Hello, I’m Dave Walters from DW Windows. We’re based in Wolverhampton, our main showroom and head office is in Coseley and we’ve got a couple of other showrooms; one in Sedgley and one in Fordhouses. Today I’m going to try and give you some general guidelines on when you need to get planning permission for a conservatory.

Planning permission guidelines for conservatories

If you’re looking to build out more than 3m, (which is out from your original building line; your original house), so that is to include any existing extensions you may have had on the back of your property. You can’t put a 3m conservatory on an existing extension without getting full planning permission. So, on semi-detached you can go out 3m in total and on a detached property you can go out 4m in total – anything over that you need prior notification or planning permission.

You are allowed to go up to, and not over, half of the original land around the original house. The maximum eve height, or your guttering height (the top of your doors basically), has to be under 3m and the maximum overall height has to be under 4m. So, if you exceed any of those dimensions then you’re going to need planning permission to get your extension or your conservatory done. Also, if you’re on designated or conservation land, if you’re in a restricted building, you’re going to have to get planning permission.

Neighbourhood Consultation Scheme

There’s also a thing at the minute called the Neighbourhood Consultation Scheme. Some people call it the prior notification, and what it does is it allows projections to be doubled. So, on semi-detached, you can go up to 6m and on a detached, you can go up to 8m under this scheme.

It’s a temporary scheme, due to finish at the end of May 2019 – but the date has been moved a few times in the past, so that’s under review at the moment. What it does is it saves time and money on going through the full planning permission route.

What you have to do, we can work with you on this, is to notify the local authority; sending them a street plan of your street, which costs about £15 to print off the internet. Then we can provide you with CAD drawings and dimensions of the extension or the conservatory that you want. As long as it doesn’t exceed those dimensions, the 6m and 8m, then you may be able to get through on the Neighbourhood Consultation Scheme.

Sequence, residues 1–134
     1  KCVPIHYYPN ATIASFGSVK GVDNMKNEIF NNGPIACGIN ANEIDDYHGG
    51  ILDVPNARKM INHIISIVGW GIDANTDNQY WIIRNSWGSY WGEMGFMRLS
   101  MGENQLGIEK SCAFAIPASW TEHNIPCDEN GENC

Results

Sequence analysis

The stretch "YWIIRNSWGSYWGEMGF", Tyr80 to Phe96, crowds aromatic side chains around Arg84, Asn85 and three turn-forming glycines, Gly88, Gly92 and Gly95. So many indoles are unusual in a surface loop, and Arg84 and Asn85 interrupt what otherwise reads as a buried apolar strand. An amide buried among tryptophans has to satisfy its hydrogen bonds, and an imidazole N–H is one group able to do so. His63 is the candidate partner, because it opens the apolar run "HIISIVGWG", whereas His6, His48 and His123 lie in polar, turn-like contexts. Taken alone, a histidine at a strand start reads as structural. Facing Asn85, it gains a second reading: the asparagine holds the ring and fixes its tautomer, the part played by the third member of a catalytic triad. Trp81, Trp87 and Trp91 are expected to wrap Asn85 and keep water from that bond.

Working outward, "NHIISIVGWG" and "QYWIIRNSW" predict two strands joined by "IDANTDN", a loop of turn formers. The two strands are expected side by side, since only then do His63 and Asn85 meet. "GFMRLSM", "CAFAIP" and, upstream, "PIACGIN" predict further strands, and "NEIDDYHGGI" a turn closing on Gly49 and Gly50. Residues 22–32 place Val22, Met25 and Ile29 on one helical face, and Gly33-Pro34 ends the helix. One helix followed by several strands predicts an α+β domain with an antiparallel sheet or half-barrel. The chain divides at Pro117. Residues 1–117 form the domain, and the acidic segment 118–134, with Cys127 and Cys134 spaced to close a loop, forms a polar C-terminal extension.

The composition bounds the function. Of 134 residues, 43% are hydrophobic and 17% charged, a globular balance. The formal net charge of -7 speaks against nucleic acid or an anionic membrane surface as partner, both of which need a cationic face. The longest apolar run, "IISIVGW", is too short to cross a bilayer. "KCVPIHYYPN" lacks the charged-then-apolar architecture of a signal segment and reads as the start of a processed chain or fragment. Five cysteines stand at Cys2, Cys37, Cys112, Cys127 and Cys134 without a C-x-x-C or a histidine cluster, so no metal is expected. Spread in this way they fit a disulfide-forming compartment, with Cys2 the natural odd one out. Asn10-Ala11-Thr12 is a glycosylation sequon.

Planning permission

So, we notify the authority. The authority will then contact your neighbours in writing; normally your direct neighbours and one or two either side and your neighbours directly across the road. If you’ve got no objections from any of those neighbours, it’s good to go and we can carry on and build your conservatory.

Not to be confused with building regs

Building regulations, again, are very different; as I’ve said on a previous video about getting permission from your local authority and neighbours to do it. Building regs are more about how we do it, what materials we use, etc. So, don’t get the two mixed up. You can get planning permission to do a job and you end up not needing building regs and vice versa.

So, I hope that helps a little bit. If you need any more information give us a call on 0800 999 0909 or go on our website and you can also get the full regulations, full planning permission rules and much more on your local authority planning portal.

Birmingham Council Planning Portal

Coventry Council Planning Portal

Dudley Council Planning Portal

Sandwell Council Planning Portal

Solihull Council Planning Portal

Walsall Council Planning Portal

Wolverhampton Council Planning Portal

Thanks for listening, I hope it makes sense! I’ve been Dave Walters and I’ll see you soon!

Related to this post:

What are the Fensa regulations?

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